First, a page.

Kim's report from Kingston, MO regarding Natiowide Cybersystems on this site describes our experience precisely. We responded to a TV ad and purchased 2 NCS machines after returning from a trip to Europe where public internet cafes/kiosks are widely available. While traveling, whether in the U.S. or elswhere, it is very nice to have access to the public internet and by all appearances looked like a good source of additional income.
After receiving the highly overpriced machines it took 6 months to get the 1st one located, but not without a lot of badgering of the same characters Kim mentioned. The $800-1300/month internet access income stated to us by Rick Osario during a phone conversation proved to be a real joke and gross misrepresentation, let alone the absense of any income or help in advertising. We were usually able to break even on expenses on one machine but the other machine NCS found a location for us is on par with other victim' experiences,--- a low rate, seedy hotel in the Baltimore area that has produced $9.00 of income in last 2 months. Both were located over 90 miles from our residence and anytime some problem as simple as a modem reset happens it's a long trip to figure out what's wrong. NCS is not there to provide any technical support. Other "out in the sticks" locations provided to us did not have DSL or ADSL availability and to bring broadband in via systems like DIRECTWAY are cost prohibative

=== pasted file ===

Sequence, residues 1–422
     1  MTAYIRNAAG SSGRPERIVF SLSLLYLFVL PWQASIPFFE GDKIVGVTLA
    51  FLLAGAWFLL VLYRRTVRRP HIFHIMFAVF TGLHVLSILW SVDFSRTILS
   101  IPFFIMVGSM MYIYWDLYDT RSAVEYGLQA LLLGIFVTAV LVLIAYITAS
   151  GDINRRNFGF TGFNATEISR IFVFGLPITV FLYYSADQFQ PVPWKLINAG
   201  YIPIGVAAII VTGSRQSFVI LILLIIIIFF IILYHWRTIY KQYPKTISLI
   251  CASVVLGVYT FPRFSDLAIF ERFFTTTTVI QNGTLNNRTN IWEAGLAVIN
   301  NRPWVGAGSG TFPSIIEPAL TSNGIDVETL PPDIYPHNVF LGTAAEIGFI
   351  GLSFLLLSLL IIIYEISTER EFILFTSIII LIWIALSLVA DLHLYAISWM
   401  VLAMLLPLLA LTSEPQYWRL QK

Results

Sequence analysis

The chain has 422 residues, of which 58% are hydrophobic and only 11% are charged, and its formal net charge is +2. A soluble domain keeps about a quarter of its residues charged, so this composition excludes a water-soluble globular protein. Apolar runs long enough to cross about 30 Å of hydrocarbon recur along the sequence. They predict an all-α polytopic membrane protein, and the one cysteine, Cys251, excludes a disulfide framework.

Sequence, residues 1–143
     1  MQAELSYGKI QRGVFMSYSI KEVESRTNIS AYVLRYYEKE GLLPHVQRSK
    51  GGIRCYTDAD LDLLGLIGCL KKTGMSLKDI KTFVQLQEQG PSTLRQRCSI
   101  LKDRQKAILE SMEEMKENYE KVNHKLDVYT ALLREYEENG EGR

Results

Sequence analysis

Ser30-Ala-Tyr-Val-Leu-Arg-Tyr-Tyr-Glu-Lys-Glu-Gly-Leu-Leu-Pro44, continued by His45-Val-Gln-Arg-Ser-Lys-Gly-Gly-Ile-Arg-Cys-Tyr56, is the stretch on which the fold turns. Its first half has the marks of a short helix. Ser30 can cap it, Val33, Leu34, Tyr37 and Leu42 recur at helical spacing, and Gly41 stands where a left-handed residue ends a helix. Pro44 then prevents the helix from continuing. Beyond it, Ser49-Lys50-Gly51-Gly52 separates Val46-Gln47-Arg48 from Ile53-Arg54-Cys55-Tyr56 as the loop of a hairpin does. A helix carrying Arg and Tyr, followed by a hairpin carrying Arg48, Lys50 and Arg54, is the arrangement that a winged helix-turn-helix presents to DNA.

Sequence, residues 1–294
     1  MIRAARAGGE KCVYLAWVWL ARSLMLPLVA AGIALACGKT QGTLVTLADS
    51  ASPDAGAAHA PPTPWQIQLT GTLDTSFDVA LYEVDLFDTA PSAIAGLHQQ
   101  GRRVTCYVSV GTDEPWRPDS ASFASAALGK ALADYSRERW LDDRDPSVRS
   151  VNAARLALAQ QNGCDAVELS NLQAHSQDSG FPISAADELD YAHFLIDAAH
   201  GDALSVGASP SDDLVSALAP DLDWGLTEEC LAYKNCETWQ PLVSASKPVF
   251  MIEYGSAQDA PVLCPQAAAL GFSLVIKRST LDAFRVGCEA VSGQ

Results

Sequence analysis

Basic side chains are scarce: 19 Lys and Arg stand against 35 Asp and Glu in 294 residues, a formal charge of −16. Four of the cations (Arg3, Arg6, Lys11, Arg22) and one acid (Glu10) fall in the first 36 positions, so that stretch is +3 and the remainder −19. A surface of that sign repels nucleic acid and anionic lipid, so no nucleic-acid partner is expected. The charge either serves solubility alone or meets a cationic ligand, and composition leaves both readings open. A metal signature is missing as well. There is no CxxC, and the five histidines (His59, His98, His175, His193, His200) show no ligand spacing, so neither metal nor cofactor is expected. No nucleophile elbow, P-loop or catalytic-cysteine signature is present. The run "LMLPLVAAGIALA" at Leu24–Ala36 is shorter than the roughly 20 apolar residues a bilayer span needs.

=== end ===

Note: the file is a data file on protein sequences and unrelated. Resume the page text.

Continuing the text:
The hotel management where the "best" machine WAS located requested it be removed as free internet service was being provided to all their customers in the rooms and via a free access terminal in the lobby. (Try to find a hotel/motel that doesn't provide internet access for customers. Mid level and above provide the service. That leaves only the low rent variety for these manchines.)
Now that machine sits in the garage and Nationwide Cyber Systems' phone is disconnected. Based on recent TV ads, it appears NCS has reincarnated itself as Transnet Wireless. I wonder what sort of laudatory Federal Trade Commission, Better Business Bureau, and financial statements Transnet Wireless provides. Bet it looks a lot like what NCS provided to prospective victims.
The best I'll probably be able to do is depreciate both machines quickly and/or MAYBE sell them to someone who wants to pay me 10% of what they cost. At least I might get something of a tax write-off.